Spectacle rechecks cost chair time, and frustrate the doctor and the patient. Sometimes that frustration can boil over in the exam room. Most of these patients have spent several hundred dollars in your office. They may be angry and skeptical of your skills because they have a problem with their prescription. If they dont know about your patient-friendly remake policy, they may fear they will be out some serious money. Perhaps they are even worried that something could be wrong with their eyes.
Try to put these patients at ease from the beginning of the exam. Listen to their problems and reassure them with a positive comment such as: Ill take care of it, or These problems are usually easy to solve. Lets take a look. Once my patients learn that I am on top of the problem and they wont lose the money they spent on their glasses, they usually relax.
A few patients have become belligerent despite my best efforts to reassure them that well find the problem. These patients are often more interested in placing blame than in solving the problem. How many times have you heard a patient say, My last doctor screwed up my prescription? Indeed, even many wholesale optical labs like to call a prescription change a doctors error.
But of course it takes two people to do a refraction. I usually like to remind angry patients that the eye exam is a cooperative process that involves two people: the optometrist and the patient. For example, I tell them: Remember that we found this prescription together. Im relying on your responses to help you find the prescription that will be best for you.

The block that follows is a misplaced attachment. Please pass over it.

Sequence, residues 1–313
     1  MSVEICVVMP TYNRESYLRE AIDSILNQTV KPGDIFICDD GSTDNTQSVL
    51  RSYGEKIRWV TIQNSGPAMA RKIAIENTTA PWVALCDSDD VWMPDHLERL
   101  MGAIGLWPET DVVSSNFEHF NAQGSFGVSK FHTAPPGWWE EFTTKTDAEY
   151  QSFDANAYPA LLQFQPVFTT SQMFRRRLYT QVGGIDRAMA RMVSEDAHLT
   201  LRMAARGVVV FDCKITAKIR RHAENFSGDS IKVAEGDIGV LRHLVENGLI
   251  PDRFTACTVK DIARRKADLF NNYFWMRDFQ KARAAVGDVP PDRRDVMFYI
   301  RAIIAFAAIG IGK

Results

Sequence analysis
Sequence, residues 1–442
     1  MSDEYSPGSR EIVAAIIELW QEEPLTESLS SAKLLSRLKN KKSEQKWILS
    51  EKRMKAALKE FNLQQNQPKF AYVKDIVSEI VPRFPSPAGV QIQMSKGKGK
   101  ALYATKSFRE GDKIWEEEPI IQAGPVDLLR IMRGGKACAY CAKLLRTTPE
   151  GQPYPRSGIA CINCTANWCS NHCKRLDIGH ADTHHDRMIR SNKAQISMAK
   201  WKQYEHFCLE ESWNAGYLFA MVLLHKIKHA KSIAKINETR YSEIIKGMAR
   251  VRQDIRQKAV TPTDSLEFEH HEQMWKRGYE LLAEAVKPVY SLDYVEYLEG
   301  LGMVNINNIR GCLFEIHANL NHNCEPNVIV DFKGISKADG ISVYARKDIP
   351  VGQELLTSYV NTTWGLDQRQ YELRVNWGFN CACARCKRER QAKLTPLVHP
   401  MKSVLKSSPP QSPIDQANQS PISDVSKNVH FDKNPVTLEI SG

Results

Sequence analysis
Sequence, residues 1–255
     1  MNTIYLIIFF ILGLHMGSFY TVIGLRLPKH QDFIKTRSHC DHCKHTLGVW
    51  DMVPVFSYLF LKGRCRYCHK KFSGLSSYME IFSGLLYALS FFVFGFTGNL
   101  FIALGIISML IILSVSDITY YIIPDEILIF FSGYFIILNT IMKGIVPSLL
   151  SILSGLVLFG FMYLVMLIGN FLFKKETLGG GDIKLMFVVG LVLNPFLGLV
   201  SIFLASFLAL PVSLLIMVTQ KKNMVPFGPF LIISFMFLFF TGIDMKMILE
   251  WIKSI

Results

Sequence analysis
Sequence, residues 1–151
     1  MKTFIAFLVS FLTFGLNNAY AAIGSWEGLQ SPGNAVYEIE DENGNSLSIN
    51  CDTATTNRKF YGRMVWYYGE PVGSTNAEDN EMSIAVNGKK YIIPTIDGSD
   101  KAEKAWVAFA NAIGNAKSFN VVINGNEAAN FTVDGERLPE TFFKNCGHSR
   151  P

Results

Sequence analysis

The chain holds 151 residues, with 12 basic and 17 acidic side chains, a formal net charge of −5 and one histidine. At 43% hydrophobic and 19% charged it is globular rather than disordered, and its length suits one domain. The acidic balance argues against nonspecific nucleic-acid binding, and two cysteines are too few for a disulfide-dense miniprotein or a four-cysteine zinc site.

Sometimes the patient complicates his own refraction. Weve all had people in our chair who simply cannot follow our instructions during the refraction. Yet, these same people will yell the loudest if their prescription is not perfect. Occasionally, its the opposite. Patients try too hard and the result is a bad prescription. These over-achievers may be anxious about the refraction because they had problems with their last exam.
Nevertheless, its our job to help patients and care for them, regardless of whos at fault for the remake. I like to explain that we will try again, together, to find a new prescription that might be better. Then, I go through my instructions for how to run the refraction. Without fail, these patients were anxious about the exam during their first visit. They thought they were helping when they scrutinized every lens repeatedly until they all started to look the same.
Limited Warranty, Limited Satisfaction?
The standard in our profession is to offer a patient at least one free recheck. I sometimes find this frustrating because no other medical profession offers free follow-up care. However, these free spectacle checks allow patients to discuss their concerns with us, and they let us show patients that we care about solving their problems. I find that nine out of 10 spec-checks can be resolved with patient education. However, if the problem cannot be solved through discussion and patient education, how should you handle remakes?
There are three basic philosophies for handling spectacle remakes:
Limited warranty. Offer a free recheck for the first month (or for 90 days, or whatever time you desire). After that, the patient is responsible for any exam fees, remake or Rx adjustment. The advantages: You wont feel the pinch for every remake, plus it discourages patients from asking for unnecessary rechecks. The disadvantage: A limited policy can alienate patients who have genuine but hard-to-fix problems.
Unlimited warranty. Another name for it: Total patient satisfaction. Patients can come in any time for rechecks and remakes. The disadvantage: You lose time and money in the short term. The advantage: You win customer loyalty as well as the holy grail of private practice, good word-of-mouth. Advocates of this policy say that when the customer is always right, the business always wins in the end.